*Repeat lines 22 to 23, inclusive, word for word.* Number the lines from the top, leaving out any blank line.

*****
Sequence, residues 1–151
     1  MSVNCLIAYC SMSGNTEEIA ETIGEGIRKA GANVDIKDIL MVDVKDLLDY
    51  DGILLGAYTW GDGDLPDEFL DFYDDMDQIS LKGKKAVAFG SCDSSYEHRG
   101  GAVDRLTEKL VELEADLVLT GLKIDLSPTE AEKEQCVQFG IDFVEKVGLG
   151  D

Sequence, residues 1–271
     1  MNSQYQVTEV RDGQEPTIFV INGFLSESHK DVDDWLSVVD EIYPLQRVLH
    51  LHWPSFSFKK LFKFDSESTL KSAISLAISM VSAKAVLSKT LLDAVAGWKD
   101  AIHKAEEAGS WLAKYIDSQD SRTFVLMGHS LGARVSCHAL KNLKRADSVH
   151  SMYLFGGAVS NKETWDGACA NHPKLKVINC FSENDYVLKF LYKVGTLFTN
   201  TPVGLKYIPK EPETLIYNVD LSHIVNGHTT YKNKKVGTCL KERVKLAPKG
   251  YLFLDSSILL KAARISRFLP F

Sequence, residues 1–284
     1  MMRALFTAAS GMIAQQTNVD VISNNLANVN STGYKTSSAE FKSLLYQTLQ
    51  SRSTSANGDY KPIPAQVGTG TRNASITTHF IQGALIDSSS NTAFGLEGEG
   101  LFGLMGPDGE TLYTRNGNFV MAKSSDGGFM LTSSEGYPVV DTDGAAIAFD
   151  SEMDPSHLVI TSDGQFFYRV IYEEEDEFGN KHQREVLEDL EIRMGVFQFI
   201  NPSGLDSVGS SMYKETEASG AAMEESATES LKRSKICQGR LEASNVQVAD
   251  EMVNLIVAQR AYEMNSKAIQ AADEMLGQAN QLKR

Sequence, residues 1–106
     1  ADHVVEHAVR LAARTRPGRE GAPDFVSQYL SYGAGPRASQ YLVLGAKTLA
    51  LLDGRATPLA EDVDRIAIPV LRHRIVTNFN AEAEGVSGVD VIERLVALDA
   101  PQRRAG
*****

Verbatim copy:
    51  LLDGRATPLA EDVDRIAIPV LRHRIVTNFN AEAEGVSGVD VIERLVALDA
   101  PQRRAG